Apparently that’s a throwback phrase from the 1960’s. People used to use it as an excuse for dropping out, leaving their jobs, their spouses, their responsibilities. Eventually the phrase drew the collective scorn of society, and rightly so. Seems we’re always looking for reasons to procrastinate, to not take care of business.
Lost in all the scorn was the fact that there are people who truly are unaware of themselves and surely need to find themselves. Some of them get married way too early, not understanding who they are and what they really want in life. Sometimes there’s a perfect storm of opportunity, as they marry someone who is equally unaware. The resulting years of angst, built on a bedrock of ignorance of self and corresponding ignorance of the other guy, is painful to watch.
There’s a bald thin man in my apartment complex who wanders the local neighborhood and building. About six feet tall, he tends to stoop and peer at you from the tops of his eyes, as if looking at you over a pair of glasses. His skin is an unhealthy pallor of white and he is usually unshaven. When he gets on the elevator in his wife-beater shirt, plaid shorts, socks and sandals, he emits a fetid unwashed odour.
He never smiles, never says “hello”.
This man is God’s gift to the postal girl. The poor woman comes in every morning to distribute the mail in our lobby mail bins. And every morning Sallow Man (that’s what we’ll call him) comes down in all his sweaty smelly glory to try to charm her. It’s fascinating to watch.
“How are you today?” he’ll say.
“I’m fine.” Then, with a barely concealed painful expression she’ll offer up the obligatory “and you?”
“Oh I”m fine. I’m fine.”
He’ll check his watch. “Bit early today, huh? Guess it’s too nice out to …uh…..” And with that he’ll lose his point.
She’ll respond. “Uh huh.”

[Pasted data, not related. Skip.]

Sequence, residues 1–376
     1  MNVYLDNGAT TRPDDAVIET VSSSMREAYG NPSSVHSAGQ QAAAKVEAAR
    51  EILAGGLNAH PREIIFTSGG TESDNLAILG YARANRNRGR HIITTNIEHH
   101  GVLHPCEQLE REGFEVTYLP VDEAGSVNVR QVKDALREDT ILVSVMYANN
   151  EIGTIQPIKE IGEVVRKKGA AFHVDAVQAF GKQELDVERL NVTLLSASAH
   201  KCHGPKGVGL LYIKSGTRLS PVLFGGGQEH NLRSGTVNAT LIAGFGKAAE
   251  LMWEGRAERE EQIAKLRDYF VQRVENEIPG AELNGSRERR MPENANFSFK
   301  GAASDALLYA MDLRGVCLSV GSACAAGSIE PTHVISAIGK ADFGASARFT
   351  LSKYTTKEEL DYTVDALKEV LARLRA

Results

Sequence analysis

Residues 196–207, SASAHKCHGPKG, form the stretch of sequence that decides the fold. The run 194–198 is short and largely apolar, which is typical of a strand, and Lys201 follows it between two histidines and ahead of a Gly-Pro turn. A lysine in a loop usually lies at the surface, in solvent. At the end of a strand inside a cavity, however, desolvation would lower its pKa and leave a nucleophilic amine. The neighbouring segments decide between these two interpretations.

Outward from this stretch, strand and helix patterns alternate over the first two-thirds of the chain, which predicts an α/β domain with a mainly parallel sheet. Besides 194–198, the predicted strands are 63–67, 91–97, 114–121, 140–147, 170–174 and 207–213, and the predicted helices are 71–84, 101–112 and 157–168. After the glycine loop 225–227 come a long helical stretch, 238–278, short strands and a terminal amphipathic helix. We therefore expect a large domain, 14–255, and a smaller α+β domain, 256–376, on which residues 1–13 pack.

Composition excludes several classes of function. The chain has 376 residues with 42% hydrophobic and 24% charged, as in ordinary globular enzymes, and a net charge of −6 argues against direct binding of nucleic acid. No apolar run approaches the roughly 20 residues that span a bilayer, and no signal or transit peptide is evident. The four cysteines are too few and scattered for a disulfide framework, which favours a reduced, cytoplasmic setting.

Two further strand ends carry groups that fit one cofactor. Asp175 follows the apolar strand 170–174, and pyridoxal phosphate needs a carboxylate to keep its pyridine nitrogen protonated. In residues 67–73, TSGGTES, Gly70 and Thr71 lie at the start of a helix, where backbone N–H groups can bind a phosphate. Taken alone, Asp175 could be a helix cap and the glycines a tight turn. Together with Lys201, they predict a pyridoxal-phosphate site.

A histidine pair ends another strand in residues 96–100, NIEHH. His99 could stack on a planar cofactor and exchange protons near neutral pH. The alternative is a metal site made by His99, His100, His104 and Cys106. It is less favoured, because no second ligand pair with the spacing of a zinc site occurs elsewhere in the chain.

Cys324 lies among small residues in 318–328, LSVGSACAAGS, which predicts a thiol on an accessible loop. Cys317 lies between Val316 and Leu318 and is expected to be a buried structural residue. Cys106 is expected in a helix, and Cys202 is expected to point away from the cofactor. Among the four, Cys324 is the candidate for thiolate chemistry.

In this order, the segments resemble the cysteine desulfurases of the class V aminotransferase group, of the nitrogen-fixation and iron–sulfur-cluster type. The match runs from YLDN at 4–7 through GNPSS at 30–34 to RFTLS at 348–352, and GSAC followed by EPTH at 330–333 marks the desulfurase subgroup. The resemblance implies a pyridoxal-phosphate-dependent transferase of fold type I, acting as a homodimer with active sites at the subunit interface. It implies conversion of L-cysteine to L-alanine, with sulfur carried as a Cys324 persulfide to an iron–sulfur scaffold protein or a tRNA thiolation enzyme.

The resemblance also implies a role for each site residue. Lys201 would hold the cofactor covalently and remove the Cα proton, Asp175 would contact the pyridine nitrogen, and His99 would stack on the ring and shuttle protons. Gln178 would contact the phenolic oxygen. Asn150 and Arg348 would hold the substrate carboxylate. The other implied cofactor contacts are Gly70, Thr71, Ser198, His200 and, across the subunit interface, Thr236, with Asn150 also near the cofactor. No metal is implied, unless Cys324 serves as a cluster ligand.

“So did you watch the hockey game last night? Toronto lost again.”
“Um, no.” She’ll move as fast as she can, dropping the mail in their respective bins.
“I used to play hockey. Used to play defense.”
“I was never that good though. They never passed me the puck.”
“Did you ever play hockey?”
“Oh. That’s too bad. It’s a great game.”
“So watcha doing after you finish work?”
“Oh I don’t know. Probably go home to my boyfriend I guess.”
You would think the mention of a boyfriend would kill his efforts. You would be wrong though. You see, this routine, with slight variation, repeats itself every day.
You have to imagine that no one can wander around as he does, without someone saying something at some point. You don’t get to be his age without having someone telling you what they think of you, in some way or another. His superior frown is telling: if at any time anyone complained about him, or told him off, he would take such criticism as a personal attack on his character. The world doesn’t understand him. Therefore the world is wrong.
The man has no self-awareness.
He’s not alone though. He’s just the extreme. Sallow Man can probably exist like this for the rest of his life, which frankly I find is sad. He may very well be a brilliant person, but we’ll never know.
There are so many people in my life – friends, family and work mates – who will do what they do because it’s expected of them. They play the roles society has established for them, and so willingly. It’s safe; it’s predictable and no one will criticize them. They’re buying their house and raising a family. They’ll go to their nine to five jobs and follow a fairly rigid routine. Safety.
And then sometimes, something catastrophic will happen. One of the Stepford spouses will cheat. They won’t quite be able to tell their spouse why they wandered. They knew it felt good but have no idea why they did it. If they’re lucky they’ll get counselling and that will open the door to self-awareness. The unlucky ones will pretend nothing’s really wrong, and will buckle down harder to go back to that routine.
A little girl will grow up watching her father beat her mother. Then, when she gets older, she’ll gravitate to abusive men and she won’t be able to tell you or any of her friends why this is so. What she doesn’t realize or won’t acknowledge is that the abusive boyfriend or husband feels normal to her. Normal, ironically, equates to safety.
And so there we are again: being safe. Safety.
I think safety, and normalcy and routine are all over-rated.